Ghana’s annual inflation rose to 17.4 percent in November from 17.3 percent in October, breaking a four-month downward trend, data from the Ghana Statistical Service showed on Friday, December 12, 2008.
Annual inflation in the West African country peaked at 18.4 percent in June, way above the 2008 budget’s initial target range of 6-8 percent, as high world oil and food prices led to domestic price rises.
“The main contributor to the overall inflation is the non-food group led by hotels, cafes and restaurants, which contributed 10.23 percent, while food items led by vegetables, bread and cereals contributed 7.21 percent,” said Ebow Duncan, head of economic statistics at the Statistical Service.
The gold- and cocoa-producing country held inconclusive presidential elections on Sunday, and a run-off between the two main candidates has been scheduled for December 28.
Both men standing have promised economic development in a country where hopes of greater and more widespread prosperity are closely linked to offshore oil, which is expected to come onstream in 2010.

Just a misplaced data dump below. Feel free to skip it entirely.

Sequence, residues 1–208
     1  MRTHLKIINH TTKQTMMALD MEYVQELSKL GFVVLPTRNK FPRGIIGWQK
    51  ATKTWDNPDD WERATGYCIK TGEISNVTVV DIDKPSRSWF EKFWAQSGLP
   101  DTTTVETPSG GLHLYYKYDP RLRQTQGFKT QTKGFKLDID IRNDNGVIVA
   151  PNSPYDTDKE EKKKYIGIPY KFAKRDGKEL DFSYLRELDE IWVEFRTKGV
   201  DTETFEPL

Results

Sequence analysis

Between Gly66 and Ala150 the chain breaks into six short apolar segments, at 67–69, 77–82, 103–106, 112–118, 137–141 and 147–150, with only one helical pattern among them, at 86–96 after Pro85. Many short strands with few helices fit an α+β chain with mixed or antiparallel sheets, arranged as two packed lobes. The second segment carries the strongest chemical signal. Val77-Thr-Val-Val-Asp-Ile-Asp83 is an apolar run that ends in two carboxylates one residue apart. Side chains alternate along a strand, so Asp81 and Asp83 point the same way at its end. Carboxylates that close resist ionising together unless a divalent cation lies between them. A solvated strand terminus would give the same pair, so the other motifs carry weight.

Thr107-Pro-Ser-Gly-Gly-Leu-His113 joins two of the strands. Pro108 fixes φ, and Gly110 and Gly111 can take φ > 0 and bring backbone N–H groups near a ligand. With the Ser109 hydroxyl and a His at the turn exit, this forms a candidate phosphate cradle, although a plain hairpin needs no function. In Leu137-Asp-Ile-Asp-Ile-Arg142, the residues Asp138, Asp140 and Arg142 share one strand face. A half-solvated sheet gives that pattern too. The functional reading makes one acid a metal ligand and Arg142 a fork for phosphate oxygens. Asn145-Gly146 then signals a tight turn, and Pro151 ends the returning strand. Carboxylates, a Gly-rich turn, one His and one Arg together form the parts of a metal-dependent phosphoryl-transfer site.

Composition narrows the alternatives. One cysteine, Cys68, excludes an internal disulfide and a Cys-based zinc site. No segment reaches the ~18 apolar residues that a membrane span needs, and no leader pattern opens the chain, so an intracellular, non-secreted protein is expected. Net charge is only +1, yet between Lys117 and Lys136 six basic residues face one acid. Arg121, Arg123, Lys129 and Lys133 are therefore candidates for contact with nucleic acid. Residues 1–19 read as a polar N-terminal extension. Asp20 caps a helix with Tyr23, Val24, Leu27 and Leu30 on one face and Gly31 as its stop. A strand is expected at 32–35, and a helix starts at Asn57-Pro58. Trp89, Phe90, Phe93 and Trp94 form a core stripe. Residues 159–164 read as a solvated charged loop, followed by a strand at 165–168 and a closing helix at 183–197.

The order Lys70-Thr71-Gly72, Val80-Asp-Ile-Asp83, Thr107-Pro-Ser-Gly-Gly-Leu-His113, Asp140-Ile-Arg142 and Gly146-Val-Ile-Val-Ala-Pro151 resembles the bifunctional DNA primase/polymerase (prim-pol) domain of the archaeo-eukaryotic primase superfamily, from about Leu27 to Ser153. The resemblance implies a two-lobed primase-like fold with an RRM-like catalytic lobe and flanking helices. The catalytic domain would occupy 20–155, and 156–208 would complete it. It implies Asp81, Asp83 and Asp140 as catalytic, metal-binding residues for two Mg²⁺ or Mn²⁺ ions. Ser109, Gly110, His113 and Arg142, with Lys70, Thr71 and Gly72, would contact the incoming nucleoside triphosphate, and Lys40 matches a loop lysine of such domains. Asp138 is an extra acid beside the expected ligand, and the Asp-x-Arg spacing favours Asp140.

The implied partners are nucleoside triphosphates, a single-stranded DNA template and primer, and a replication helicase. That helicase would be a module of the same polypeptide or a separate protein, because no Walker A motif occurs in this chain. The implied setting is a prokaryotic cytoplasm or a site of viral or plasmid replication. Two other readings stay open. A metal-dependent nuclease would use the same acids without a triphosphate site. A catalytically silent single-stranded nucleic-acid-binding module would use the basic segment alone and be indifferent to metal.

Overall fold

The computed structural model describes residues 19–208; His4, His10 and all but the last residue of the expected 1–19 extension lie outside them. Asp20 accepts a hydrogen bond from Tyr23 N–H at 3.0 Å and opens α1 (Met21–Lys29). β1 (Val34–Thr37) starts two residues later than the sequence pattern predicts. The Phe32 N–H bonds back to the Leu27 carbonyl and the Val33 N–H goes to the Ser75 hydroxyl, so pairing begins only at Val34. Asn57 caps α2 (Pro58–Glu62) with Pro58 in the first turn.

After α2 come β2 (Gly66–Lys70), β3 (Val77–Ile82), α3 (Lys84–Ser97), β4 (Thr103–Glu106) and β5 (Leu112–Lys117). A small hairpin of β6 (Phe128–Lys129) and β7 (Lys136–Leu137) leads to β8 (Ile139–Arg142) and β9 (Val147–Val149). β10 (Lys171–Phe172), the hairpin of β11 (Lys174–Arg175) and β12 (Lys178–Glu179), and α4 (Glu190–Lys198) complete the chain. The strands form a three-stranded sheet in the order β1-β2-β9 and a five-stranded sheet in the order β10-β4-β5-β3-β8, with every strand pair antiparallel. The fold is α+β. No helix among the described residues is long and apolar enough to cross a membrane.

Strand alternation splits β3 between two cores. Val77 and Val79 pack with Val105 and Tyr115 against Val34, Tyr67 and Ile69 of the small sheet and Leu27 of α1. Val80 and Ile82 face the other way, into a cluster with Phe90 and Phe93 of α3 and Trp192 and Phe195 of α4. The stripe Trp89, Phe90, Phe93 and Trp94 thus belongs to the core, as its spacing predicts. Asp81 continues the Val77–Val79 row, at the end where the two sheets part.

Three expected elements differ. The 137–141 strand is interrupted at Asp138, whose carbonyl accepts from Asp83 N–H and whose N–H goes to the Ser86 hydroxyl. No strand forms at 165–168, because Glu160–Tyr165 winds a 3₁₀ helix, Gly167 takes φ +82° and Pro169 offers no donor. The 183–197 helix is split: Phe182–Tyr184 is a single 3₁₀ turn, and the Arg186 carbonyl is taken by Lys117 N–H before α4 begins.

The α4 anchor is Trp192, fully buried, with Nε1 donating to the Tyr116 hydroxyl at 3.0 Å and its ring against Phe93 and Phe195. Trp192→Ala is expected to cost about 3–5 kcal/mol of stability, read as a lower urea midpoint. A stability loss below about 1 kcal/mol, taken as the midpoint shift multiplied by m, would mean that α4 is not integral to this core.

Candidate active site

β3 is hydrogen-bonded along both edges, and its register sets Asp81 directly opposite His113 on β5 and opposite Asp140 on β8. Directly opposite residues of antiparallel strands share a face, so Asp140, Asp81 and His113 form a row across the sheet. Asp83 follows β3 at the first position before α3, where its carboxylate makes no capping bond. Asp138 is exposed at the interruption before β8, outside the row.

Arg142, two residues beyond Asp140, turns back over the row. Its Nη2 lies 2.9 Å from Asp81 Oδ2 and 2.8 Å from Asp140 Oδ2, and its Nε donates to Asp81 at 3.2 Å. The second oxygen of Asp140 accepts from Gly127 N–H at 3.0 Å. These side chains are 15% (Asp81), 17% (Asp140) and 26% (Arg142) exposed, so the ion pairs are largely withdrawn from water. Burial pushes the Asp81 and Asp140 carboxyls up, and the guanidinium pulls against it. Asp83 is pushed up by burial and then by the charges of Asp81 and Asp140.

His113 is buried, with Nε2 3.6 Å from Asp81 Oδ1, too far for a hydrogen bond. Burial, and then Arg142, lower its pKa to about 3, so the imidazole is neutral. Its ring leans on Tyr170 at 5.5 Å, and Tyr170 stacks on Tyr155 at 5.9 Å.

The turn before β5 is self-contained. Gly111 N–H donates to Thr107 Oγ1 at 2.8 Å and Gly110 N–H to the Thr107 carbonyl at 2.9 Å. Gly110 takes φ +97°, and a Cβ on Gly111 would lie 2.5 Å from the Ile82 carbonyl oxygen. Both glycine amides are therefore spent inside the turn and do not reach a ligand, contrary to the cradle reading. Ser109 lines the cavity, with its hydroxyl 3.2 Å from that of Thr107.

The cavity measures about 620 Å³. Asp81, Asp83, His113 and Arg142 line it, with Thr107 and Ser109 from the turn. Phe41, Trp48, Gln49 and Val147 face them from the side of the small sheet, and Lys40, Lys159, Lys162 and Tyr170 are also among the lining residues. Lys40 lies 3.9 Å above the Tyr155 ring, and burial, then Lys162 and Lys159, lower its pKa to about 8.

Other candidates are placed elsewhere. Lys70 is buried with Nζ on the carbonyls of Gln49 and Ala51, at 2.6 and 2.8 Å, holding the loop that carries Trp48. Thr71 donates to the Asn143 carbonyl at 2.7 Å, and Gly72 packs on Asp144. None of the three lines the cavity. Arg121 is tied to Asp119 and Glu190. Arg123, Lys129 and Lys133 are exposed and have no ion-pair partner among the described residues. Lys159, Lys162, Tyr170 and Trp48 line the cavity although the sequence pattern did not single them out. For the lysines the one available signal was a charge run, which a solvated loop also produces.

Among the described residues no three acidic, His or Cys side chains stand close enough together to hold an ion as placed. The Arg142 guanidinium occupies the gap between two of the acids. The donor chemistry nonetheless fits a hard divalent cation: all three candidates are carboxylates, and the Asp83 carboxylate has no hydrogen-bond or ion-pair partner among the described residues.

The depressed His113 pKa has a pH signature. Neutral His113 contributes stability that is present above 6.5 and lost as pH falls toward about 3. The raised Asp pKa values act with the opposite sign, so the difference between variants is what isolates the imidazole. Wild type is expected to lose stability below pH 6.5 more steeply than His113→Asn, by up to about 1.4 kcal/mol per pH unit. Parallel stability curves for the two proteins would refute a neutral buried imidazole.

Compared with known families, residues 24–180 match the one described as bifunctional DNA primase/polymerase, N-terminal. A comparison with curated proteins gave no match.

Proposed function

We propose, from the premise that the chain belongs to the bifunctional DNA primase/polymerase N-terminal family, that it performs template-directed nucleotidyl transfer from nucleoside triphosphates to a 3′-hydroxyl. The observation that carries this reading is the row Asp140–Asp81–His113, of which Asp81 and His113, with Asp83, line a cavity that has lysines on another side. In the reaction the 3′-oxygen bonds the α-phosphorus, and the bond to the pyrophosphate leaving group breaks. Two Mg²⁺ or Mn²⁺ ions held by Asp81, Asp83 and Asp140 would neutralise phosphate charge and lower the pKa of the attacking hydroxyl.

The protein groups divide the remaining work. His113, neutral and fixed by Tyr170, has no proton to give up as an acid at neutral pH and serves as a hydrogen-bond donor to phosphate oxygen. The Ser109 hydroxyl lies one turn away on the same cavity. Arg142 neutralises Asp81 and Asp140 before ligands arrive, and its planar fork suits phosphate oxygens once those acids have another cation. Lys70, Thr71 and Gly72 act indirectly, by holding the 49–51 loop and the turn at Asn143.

The impact of campaign spending may be felt in inflation figures for this month.
“In the event of the politicians dishing out money to the people, that may lead to more money in the system and more spending during this Christmas period, and this could significantly affect inflation, especially for December,” Duncan said.
More important than the slight uptick in inflation was Ghana’s large fiscal deficit, estimated at 10 percent of GDP, an analyst said.
“It’s not a big increase,” said Samir Gadio, financial economist for Sub-Saharan Africa at Renaissance Capital.
“Really the critical issue in 2009 is going to be how to at least contain to a certain extent that deficit.”
Credit: Kwasi Kpodo